Could earlier diagnosis and pre-symptomatic disease detection truly lead to disease prevention? Healthcare is on the cusp of a paradigm shift from a reactionary to a preventative approach to managing disease through diagnostic imaging and radiolabeled probes. So what is holding it back?
Benefits of early detection
Early diagnosis of cancer has been proven to greatly enhance cancer-patient survivability. This fact was recently acknowledged by the Centers for Medicare and Medicaid Services in its determination to significantly expand coverage of positron emission tomography (PET) scans performed in both the initial and subsequent evaluation of patients with many types of cancer. Now many more cancer patients can receive Medicare coverage for at least one PET scan prescribed by their physicians for initial treatment strategy evaluation.
The chair of the American College of Radiology Board of Chancellors, James H. Thrall, M.D., FACR, radiologist-in-chief, Massachusetts General Hospital, and professor of Radiology, Harvard Medical School, added, “Expanded CMS coverage for PET is a tremendous step forward for cancer care in this country. The NOPR is a shining example of how the medical community can interact with government on research that can ultimately save and extend patients’ lives.”
CMS however is slow to expand this policy to other diseases, and preventative care in the United States is lagging behind Europe. Like many leading medical imaging manufacturers, GE Healthcare is encouraging radiologists to transform healthcare delivery from a focus on treating late disease toward prevention through pre-symptomatic disease detection. At this year’s European Congress of Radiology (ECR) in Vienna, Germany, industry encouraged clinicians to redirect healthcare resources into developing better ways to predict, diagnose, treat and monitor disease, and provided several reasons why they should do it.
10 reasons to believe in the “early health” model of care:
1. At least 80 percent of premature deaths from cardiovascular heart disease and strokes
could be prevented.1
2. Alcohol, cholesterol and tobacco are the main risk factors driving disease incidence; all three of them are controllable by patients.1
3. Mammography could potentially save 47,000 lives over a 14-year period in a population of 58 million women ages 40-74 (U.S. study).2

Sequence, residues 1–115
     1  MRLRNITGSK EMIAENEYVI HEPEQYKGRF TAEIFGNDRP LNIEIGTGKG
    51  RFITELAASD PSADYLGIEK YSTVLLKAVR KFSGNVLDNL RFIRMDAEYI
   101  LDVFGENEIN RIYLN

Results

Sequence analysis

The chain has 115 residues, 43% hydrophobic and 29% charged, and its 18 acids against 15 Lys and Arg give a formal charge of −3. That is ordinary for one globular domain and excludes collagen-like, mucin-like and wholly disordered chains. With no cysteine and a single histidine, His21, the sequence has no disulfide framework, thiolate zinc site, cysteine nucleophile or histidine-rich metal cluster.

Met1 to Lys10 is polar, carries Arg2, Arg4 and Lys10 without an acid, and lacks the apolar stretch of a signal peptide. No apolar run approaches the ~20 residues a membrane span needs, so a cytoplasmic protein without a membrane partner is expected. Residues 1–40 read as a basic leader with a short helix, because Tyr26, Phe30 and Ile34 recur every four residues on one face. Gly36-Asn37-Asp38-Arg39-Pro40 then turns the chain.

4. Early identification of Parkinson’s disease allows the potential for better outcomes and reduced costs: from $6,867/year if diagnosed at Stage I to $34,659/year at Stage IV.3
5. Colorectal cancer’s five-year survival is 90 percent if detected at an early-localized stage; however, only 39 percent of colorectal cancers are diagnosed at this stage.4
6. A 1 percent increase in survival rate from diseases like cancer would save $344 billion per year in Europe.5
7. Osteoporosis usually lies undetected. By 2050, the worldwide incidence of hip fracture in men is projected to increase by 310 percent and 240 percent in women.6
8. By 2020, cardiovascular disease, injury and mental illnesses are predicted to be responsible for about one-half of all deaths and one-half of all healthy life years lost, worldwide.7
9. The “early health” model could significantly impact clinical outcomes, cost of care and quality of life in patients with obesity, leading to cardiovascular and other disease.8
10. About one in six men will be diagnosed with prostate cancer during their lifetimes. Modern methods of detection and treatment mean that many prostate cancers are now found earlier and can be treated more effectively.9 Source: GE Healthcare
1. World Health Organization
2. Jemel A, Tiwari RC, et al.: Cancer statistics 2004. CA:Cancer L Clin 2004, 54:8- 29
3. Dodel RC, Singer M, Köhne-Volland R et al. The economic impact of Parkinson’s disease. Pharmacoeconomics. 1998; 14:299-312
4. American Cancer Society. Cancer Facts and Figures
5. Kevin M. Murphy and Robert H. Topel. “The Value of Health and Longevity” Journal of Political Economy.
7. International Cardiovascular Disease Statistics www.americanheart.org
8. Murray CJ, Lopez AD. Global mortality, disability, and the contribution of risk factors: Global Burden of Disease Study. Lancet 1997; 349: 1436-42
“The CMS move is based on significant clinical evidence regarding the effectiveness of PET for management of patients with cancer gleaned from the National Oncologic PET Registry (NOPR) which is co-managed by the ACR and ACRIN,” indicated by the American College of Radiology (ACR) in a public statement.
While the extension of coverage for PET is a sign that CMS may be embracing early diagnostic practices, what is certain is healthcare in the United States needs to redirect its resources away from a position of reaction and down the path toward prevention.